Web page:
Anna Wintour has joined the ever-widening boycott of the Sultan of Brunei's high-end hotels and she's brought all of Conde Nast, of which she's artistic director, along with her. The publishing house has confirmed that all its titles will boycott the Sultan's Dorchester Collection of ten luxury hotels, including Plaza Athénée, The Beverly Hills, and 45 Park Lane.
Specifically, Wintour will not be staying at Le Meurice in Paris, her prefered home away from home (where rooms start at roughly $1400 per night), until the Sultan reverses the anti-women, anti-gay Sharia laws he's implementing in Brunei. As it stands, the dot of a country in a small corner of Borneo is the first East Asian nation to undergo such draconian restrictions that include stoning of gays, imprisonment of unwed women, and severing the limbs of thieves. In a statement, she said, "While I am sensitive to the potential impact that this issue may have on the wonderful staff at Le Meurice, I cannot in all good conscience stay there."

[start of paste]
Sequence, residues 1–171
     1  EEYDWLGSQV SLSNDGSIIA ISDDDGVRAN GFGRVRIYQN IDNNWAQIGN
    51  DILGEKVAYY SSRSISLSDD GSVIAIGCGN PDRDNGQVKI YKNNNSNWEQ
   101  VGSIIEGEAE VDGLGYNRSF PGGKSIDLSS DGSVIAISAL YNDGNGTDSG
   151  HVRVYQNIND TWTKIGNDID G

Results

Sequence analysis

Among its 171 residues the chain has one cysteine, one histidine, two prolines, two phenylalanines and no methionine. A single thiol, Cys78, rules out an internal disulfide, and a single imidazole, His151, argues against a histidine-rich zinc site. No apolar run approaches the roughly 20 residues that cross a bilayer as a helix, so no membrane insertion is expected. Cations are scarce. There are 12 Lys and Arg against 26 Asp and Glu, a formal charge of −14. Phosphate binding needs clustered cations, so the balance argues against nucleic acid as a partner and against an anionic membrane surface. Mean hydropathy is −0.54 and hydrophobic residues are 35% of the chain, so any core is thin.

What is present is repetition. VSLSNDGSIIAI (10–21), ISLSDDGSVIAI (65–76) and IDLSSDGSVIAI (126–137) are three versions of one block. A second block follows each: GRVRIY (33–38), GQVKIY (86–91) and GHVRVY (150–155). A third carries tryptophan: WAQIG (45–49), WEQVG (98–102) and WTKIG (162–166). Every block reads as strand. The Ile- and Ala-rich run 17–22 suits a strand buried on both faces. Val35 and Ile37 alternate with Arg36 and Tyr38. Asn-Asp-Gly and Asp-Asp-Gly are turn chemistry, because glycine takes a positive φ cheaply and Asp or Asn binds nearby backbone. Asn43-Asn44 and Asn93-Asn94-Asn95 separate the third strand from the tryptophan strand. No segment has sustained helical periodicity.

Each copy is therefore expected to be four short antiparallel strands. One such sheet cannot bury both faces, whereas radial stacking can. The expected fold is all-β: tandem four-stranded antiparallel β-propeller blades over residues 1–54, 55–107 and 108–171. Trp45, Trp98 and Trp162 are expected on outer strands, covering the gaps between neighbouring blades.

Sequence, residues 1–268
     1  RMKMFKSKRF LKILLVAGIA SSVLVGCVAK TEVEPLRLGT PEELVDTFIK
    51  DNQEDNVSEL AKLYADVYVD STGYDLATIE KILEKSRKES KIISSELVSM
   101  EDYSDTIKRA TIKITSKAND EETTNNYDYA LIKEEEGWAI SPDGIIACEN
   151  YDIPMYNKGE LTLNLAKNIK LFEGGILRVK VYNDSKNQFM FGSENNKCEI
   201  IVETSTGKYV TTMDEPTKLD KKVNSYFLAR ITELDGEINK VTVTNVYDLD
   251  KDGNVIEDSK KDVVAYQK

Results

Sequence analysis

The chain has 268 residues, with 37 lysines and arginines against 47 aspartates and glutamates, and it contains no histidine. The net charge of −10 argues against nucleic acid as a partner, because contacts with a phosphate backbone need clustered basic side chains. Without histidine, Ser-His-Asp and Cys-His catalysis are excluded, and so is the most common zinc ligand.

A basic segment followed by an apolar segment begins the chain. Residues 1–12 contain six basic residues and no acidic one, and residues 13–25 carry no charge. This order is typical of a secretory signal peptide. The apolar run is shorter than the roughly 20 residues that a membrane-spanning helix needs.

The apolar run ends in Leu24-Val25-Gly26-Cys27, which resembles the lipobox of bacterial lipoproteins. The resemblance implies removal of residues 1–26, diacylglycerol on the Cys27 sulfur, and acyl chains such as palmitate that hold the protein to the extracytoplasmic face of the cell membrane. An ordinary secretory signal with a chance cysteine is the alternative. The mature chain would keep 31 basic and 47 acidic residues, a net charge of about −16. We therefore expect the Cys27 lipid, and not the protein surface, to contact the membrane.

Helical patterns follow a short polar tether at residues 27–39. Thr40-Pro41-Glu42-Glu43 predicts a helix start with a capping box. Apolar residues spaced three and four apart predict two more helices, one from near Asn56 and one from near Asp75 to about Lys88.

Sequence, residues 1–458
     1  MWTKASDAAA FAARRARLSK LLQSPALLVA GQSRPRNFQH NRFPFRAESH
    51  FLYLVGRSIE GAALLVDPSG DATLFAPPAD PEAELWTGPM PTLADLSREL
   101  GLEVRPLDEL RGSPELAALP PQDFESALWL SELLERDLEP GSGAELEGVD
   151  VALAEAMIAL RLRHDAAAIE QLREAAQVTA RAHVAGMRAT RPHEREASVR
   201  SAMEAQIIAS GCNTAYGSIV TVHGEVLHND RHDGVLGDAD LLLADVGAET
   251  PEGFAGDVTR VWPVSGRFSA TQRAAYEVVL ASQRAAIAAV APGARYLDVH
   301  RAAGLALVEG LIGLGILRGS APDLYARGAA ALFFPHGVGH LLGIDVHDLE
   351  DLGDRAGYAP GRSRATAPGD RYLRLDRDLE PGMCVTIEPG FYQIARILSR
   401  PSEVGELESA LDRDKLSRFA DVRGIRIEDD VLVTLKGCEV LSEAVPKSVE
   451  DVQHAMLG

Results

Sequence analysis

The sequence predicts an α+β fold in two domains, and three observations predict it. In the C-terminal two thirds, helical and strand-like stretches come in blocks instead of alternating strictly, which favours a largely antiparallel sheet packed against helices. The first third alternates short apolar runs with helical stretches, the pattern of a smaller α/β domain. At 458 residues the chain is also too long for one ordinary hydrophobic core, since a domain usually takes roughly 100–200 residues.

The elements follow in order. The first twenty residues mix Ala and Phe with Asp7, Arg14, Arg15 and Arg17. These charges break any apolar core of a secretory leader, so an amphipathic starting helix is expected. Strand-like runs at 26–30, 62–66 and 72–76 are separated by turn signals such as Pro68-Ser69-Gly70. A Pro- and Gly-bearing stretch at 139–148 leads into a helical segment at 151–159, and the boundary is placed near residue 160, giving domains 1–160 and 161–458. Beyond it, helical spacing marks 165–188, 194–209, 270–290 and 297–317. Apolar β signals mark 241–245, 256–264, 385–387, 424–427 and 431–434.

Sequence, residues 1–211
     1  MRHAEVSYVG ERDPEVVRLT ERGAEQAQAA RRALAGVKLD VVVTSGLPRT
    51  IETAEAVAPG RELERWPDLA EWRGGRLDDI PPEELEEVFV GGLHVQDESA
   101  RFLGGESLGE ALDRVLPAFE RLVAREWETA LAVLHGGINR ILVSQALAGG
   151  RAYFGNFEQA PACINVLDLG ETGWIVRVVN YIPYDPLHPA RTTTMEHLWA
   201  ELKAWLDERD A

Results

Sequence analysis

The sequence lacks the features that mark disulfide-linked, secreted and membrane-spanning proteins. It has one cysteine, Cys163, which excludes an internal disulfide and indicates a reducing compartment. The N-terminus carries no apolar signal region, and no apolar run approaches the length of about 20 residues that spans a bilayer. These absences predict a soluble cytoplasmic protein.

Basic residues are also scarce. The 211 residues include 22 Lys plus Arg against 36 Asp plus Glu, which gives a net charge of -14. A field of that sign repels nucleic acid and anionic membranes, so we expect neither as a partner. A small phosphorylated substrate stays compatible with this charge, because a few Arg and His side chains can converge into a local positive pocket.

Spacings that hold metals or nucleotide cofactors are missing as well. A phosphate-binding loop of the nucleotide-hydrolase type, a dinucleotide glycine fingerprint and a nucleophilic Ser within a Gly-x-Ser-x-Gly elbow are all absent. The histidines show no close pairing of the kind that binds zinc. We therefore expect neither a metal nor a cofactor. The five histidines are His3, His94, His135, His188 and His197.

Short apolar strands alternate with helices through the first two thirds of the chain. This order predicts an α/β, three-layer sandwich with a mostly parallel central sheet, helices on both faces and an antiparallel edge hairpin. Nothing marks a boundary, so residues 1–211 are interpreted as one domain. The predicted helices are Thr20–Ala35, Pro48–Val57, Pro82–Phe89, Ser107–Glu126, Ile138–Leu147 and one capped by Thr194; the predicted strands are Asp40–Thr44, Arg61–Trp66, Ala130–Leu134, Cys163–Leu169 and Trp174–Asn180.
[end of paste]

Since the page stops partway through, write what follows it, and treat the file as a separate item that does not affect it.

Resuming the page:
This follows similar actions by François-Henri Pinault, the head of Kering, which owns Gucci, Balenciaga, and Alexander McQueen, as well as Hedi Slimane, creative director of Saint Laurent. Richard Branson, too, tweeted that no employee of Virgin would stay at a Dorchester property "until the Sultan abides by basic human rights."
The latest move comes from the City of Beverly Hills, ground zero of the boycott, which voted to pressure the government of Brunei into selling the Beverly Hills Hotel. With a progressive new owner, just imagine how the Pink Palace, which recently celebrated its centenary, would be celebrated all over again.